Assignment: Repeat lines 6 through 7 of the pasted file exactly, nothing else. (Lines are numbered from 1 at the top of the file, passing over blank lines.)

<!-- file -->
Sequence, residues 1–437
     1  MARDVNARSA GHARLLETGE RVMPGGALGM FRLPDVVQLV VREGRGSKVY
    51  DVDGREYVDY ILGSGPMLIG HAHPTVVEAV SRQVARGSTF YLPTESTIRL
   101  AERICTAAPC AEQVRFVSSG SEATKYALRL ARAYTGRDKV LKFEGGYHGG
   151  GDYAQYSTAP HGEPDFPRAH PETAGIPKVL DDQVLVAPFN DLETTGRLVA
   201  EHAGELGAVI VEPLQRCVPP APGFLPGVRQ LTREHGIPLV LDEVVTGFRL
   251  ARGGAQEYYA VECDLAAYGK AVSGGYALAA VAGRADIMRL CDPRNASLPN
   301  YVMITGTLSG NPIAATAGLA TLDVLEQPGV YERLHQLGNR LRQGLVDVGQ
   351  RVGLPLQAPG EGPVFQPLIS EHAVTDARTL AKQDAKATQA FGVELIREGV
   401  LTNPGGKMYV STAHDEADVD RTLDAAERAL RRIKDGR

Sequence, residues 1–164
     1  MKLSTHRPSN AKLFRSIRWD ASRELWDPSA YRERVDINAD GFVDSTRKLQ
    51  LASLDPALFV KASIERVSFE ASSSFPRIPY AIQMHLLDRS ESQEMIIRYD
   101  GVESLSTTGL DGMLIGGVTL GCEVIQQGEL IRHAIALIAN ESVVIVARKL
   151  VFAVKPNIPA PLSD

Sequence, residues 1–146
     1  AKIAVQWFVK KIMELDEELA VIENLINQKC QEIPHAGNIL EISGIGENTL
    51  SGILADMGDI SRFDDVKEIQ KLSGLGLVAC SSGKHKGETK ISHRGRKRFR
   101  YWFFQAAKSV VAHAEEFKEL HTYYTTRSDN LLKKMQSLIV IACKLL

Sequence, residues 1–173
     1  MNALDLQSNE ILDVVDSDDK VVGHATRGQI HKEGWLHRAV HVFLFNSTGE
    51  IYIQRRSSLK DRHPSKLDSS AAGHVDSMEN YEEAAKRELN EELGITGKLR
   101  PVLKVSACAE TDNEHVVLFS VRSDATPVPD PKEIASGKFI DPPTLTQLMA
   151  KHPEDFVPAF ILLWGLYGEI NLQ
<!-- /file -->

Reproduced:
   201  EHAGELGAVI VEPLQRCVPP APGFLPGVRQ LTREHGIPLV LDEVVTGFRL
   251  ARGGAQEYYA VECDLAAYGK AVSGGYALAA VAGRADIMRL CDPRNASLPN